The current political view of representative democracy in Alberta is that elected officials are representatives of the electorate. This representative role implies a full transfer of political power from the people to the elected official between elections. Furthermore, the elected official’s role is to represent the electorate.
Electorate accountability of Alberta elected officials is primarily during elections. Between elections, the electorate is given various opportunities to share its perspective, but the elected official has final authority in most instances over political decisions.
This political view is illustrated in a May 8, 2013 letter to the Foundation for Democratic Advancement from the former Minister of Municipal Affairs Mr. Doug Griffiths:
“…. The powers of a municipal council are balanced by councils’ accountability to the citizens who elect them. Therefore, it is essential that citizens take an active interest in the development and direction of our local governments and express their views to their locally elected representatives. Citizens can express their views to their municipality in a number of ways. Individuals or groups may write or meet with the municipality’s administration or elected officials. There may be specific processes established for providing input.
The MGA sets out clear requirements for municipal councils to conduct their business openly (except in very limited and specific circumstances). Residents may attend council meetings, and some municipalities provide for public input or presentations at specific times during meetings. Municipal offices should be able to provide details about their processes.
The MGA and the Local Authorities Election Act also cumulatively set out provisions for regular elections of local councils, representing the ultimate assurance of accountability….”
In addition, at the MGA Review Session on April 9, 2014, the FDA listened to the same position from some City of Calgary bureaucrats and elected officials from other municipalities who argued that elected officials are elected to represent the electorate, and that accountability measures are too costly. In other words, by voting for a political candidate and holding an election, the electorate forsake or gave up its political authority.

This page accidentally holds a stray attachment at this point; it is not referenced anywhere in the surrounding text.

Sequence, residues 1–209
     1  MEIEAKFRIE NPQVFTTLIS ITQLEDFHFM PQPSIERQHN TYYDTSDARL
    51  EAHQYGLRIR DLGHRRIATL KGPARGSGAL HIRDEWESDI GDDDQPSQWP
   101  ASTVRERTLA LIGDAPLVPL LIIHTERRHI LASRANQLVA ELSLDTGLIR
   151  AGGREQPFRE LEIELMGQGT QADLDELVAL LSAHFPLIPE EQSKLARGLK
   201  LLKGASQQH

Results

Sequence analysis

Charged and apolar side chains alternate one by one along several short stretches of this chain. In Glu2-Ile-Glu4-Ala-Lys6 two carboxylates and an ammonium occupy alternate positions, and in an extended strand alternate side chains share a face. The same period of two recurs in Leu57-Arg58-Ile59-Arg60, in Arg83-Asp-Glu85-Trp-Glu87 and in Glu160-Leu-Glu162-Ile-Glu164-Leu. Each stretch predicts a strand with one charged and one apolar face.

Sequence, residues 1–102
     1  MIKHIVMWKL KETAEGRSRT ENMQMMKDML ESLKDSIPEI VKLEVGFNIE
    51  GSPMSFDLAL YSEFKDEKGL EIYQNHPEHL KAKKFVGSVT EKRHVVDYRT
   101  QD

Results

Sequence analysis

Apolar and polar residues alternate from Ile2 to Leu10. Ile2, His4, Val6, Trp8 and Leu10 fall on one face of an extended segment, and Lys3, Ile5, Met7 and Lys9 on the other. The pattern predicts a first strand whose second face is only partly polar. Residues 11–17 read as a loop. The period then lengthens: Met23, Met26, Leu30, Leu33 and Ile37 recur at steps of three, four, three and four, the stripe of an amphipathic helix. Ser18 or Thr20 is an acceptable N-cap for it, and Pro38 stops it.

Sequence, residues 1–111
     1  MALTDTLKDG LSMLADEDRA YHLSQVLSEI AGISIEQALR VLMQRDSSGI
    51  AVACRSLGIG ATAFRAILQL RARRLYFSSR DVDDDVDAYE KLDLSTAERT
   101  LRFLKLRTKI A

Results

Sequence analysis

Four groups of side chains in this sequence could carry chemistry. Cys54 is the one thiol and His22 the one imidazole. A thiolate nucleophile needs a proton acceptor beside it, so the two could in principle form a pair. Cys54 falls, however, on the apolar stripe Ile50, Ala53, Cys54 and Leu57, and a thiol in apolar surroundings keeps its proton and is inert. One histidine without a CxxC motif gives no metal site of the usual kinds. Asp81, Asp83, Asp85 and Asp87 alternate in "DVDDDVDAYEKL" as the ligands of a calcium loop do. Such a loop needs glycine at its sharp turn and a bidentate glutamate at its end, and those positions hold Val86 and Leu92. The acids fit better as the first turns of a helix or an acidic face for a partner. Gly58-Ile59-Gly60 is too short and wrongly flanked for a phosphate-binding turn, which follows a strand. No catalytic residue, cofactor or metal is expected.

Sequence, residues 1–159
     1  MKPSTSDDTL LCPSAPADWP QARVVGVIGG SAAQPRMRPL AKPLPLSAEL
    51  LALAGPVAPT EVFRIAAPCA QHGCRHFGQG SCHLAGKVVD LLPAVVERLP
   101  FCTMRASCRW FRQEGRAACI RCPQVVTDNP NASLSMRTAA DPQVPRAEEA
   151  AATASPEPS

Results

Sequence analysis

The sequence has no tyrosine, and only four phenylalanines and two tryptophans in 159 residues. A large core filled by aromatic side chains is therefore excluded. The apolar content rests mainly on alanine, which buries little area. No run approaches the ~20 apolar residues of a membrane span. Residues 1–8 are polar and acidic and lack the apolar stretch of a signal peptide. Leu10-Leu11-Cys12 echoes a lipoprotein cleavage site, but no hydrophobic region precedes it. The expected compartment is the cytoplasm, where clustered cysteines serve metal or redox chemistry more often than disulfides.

The FDA takes the democratic position that the people have sovereign, supreme authority over political affairs, and that elected officials are subordinate to the people. They serve the people or are in service of the people, and thereby accountable to the people. In addition, the FDA believes that merely relying on public consultation and regular elections for accountability, ignores the need for accountability between elections.
As of the October 2013 Alberta Municipal Elections, there are now four-year terms for municipal elected officials. The FDA believes that these four-year term elected officials ought to be accountable to the electorate between elections through recall of elected officials, and the electorate ought to have mechanisms to overrule elected officials in regard to planning and development decisions.The FDA believes that the people did not fully give up their political authority by allowing for elections and electing political representatives, and that as mentioned elected officials are in the service of the people, and thereby accountable to the people.
For more information on the recall and citizen-initiated legislation, see the FDA’s proposed amendments to the Municipal Government Act (MGA).
To share your perspective on the political authority of the people and accountability of elected officials please contact the FDA at email@example.com